VMware Secrets Manager

Using VSecM SDK

Situation Analysis


High-Level Diagram



Using VSecM SDK

Now, let’s programmatically consume the VSecM Safe API from our workload. That way, you will have more control over how you consume and cache your secrets, and you will not need to add a sidecar to your pod.


Let’s remove the workload first:

kubectl delete deployment example

That will get rid of the workload; but, assuming you have completed the tutorial before this one, you’ll still have a secret registered. Let’s see it:

# Find the sentinel pod's name:
kubectl get po -n vsecm-system

# List secrets:
kubectl exec vsecm-sentinel-778b7fdc78-86v6d -n \
  vsecm-system -- safe -l

"created":"Sat May 13 20:42:20 +0000 2023",
"updated":"Sat May 13 20:42:20 +0000 2023"}]}

Let’s delete it first:

kubectl exec vsecm-sentinel-778b7fdc78-86v6d -n \
  vsecm-system -- safe -w example -d


And make sure that it is gone:

kubectl exec vsecm-sentinel-778b7fdc78-86v6d -n \
  vsecm-system -- safe -l
# Output:
# {"secrets":[]}

All right, our cluster is as clean as a baby’s butt; let’s move on.

Read the Source

Make sure you examine the manifests to gain an understanding of what kinds of entities you’ve deployed to your cluster.

The Benefit of Using VSecM SDK

VSecM SDK gives direct control of VSecM Safe to your workload.

The advantage of this approach is: you are in charge. The downside of it is: Well, you are in charge 🙂.

But, jokes aside, your application will have to be more tightly bound to VMware Secrets Manager without a sidecar.

However, when you use a sidecar, your application does not have any idea of VMware Secrets Manager’s existence. From its perspective, it is merely reading from a file that something magically updates every once in a while. This “separation of concerns” can make your application architecture more adaptable to changes.

As in anything, there is no one true way to do it. Your approach will depend on your project’s requirements.

Deploying the Demo Workload

That part taken care of; let’s deploy a workload that uses VSecM SDK instead of VSecM Sidecar.

# Switch to the VMware Secrets Manager repo:
cd $WORKSPACE/secrets-manager
# Install the workload:
make example-sdk-deploy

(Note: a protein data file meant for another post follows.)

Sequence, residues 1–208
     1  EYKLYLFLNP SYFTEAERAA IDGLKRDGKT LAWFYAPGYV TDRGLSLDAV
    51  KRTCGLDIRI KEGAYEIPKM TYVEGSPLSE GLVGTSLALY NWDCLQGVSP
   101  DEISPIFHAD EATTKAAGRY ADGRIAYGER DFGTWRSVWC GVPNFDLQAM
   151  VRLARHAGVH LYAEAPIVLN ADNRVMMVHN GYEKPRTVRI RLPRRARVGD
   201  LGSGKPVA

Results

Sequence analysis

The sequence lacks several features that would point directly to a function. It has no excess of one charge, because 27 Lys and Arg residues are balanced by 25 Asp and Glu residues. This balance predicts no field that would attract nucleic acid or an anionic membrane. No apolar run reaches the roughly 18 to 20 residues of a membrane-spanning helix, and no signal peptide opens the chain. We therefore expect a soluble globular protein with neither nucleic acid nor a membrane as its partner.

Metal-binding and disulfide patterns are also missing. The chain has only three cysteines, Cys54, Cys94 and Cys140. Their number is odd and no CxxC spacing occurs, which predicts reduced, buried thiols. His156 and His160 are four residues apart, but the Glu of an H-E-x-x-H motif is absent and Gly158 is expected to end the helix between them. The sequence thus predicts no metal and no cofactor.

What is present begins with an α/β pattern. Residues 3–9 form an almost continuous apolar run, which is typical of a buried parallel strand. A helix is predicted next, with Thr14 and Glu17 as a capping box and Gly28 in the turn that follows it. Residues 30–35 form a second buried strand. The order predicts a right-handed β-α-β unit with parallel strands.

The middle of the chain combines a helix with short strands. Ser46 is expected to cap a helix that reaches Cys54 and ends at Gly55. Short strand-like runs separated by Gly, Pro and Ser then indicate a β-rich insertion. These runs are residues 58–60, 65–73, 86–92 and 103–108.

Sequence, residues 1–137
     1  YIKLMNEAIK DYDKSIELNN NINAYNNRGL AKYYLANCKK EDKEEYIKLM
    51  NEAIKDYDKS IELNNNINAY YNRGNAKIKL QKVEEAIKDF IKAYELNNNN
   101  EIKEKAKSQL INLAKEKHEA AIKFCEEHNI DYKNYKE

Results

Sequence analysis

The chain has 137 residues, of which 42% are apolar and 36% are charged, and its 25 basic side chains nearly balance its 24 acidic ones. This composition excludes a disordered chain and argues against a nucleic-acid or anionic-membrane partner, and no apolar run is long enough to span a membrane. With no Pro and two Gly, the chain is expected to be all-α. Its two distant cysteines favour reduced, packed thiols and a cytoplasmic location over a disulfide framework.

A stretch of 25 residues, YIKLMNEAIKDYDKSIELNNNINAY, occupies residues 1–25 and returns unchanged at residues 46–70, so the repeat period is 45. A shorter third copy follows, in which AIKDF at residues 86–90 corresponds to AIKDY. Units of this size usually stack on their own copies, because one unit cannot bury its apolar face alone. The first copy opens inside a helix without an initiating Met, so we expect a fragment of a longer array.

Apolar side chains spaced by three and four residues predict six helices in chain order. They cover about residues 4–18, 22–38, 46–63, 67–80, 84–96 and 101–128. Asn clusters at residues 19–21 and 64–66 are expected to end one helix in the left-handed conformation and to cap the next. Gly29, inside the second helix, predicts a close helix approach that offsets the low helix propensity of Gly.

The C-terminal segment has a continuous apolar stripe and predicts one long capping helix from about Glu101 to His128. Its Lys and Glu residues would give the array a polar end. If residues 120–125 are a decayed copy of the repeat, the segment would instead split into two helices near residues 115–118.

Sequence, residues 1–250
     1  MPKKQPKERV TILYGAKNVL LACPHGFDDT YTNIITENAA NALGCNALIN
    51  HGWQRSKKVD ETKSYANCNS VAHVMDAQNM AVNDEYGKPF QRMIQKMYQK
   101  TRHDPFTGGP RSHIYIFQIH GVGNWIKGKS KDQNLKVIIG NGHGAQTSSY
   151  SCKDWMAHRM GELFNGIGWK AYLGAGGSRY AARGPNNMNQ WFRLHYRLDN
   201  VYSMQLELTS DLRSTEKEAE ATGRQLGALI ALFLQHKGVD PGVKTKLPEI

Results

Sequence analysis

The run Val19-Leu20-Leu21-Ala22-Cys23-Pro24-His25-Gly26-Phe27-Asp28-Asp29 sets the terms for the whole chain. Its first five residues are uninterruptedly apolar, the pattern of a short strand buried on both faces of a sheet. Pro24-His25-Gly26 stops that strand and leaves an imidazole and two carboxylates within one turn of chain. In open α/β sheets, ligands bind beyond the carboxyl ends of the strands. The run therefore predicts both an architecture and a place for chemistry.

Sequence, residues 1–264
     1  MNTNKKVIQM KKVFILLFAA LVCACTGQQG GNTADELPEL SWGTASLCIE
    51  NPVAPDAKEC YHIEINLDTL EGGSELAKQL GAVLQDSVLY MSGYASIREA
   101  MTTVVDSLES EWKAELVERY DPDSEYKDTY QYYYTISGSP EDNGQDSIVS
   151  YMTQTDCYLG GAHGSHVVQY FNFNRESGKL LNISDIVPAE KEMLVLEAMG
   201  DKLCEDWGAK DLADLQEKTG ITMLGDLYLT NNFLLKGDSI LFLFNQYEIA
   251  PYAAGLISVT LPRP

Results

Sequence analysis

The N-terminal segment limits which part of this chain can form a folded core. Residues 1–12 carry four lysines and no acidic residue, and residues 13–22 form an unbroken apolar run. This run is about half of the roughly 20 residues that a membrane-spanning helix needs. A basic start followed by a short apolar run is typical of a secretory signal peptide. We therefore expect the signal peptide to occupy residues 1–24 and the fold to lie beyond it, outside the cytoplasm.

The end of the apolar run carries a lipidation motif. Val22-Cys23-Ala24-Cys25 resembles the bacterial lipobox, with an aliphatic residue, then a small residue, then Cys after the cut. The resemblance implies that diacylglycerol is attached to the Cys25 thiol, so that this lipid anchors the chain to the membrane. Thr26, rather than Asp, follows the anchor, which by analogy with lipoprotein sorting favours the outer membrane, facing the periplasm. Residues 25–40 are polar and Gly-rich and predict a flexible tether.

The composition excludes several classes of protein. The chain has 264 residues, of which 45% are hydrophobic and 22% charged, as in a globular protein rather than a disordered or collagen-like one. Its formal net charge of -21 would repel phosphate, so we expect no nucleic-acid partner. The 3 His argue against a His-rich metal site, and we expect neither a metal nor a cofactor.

# If you are building from the source, 
# use `make example-sdk-deploy-local` instead.

And that’s it. You have your demo workload up and running.

The Demo App

Here is the source code of the demo container’s app for the sake of completeness.

When you check the source code, you’ll see that our demo app tries to get the secret by querying the SDK via sentry.Fetch(), displays the secret if it finds and repeats this every 5 seconds in an infinite loop.

for {
	d, err := sentry.Fetch()

	// ... (error handling) truncated ...

		"secret: updated: %s, created: %s, value: %s\n",
		d.Updated, d.Created, d.Data,

	time.Sleep(5 * time.Second)

Verifying the Deployment

If you have been following along so far, when you execute kubectl get po will give you something like this:

kubectl get po

NAME                              READY    AGE
example-85bdbc4cf4-6n2ng  1/1     Running  9s

Let’s check the logs of our pod:

kubectl logs example-85bdbc4cf4-6n2ng -f

The output should be something like this:

2023/07/31 20:17:13 fetch
Failed to read the secrets file. Will retry in 5 seconds...
Secret does not exist
2023/07/31 20:17:19 fetch
Failed to read the secrets file. Will retry in 5 seconds...
Secret does not exist

We don’t have any secrets registered to our workload as expected. So, let’s add some.

Registering a Secret

Let’s register a secret and see how the logs change:

# Find the name of the VSecM Sentinel pod:
kubectl get po -n vsecm-system

# register a secret to our workload using VSecM Sentinel:
kubectl exec vsecm-sentinel-778b7fdc78-86v6d -n vsecm-system \
  -- safe \
  -w "example" \
  -s "VSecMRocks!"
# Response: 
# OK

Now let’s check the logs again:

kubectl logs example-85bdbc4cf4-6n2ng -f

2023/07/31 20:21:06 fetch
secret: updated: "2023-07-31T20:21:03Z", 
created: "2023-07-31T20:21:03Z", value: VSecMRocks!



So, yay 🎉. We got our secret; and since we use VSecM SDK, we also were able to get additional metadata such as the creation and modification timestamps of our secret, which was not possible to retrieve if we used the VSecM Sidecar approach that we have seen in the former tutorial.

Next up, you’ll learn about VSecM Init Container.

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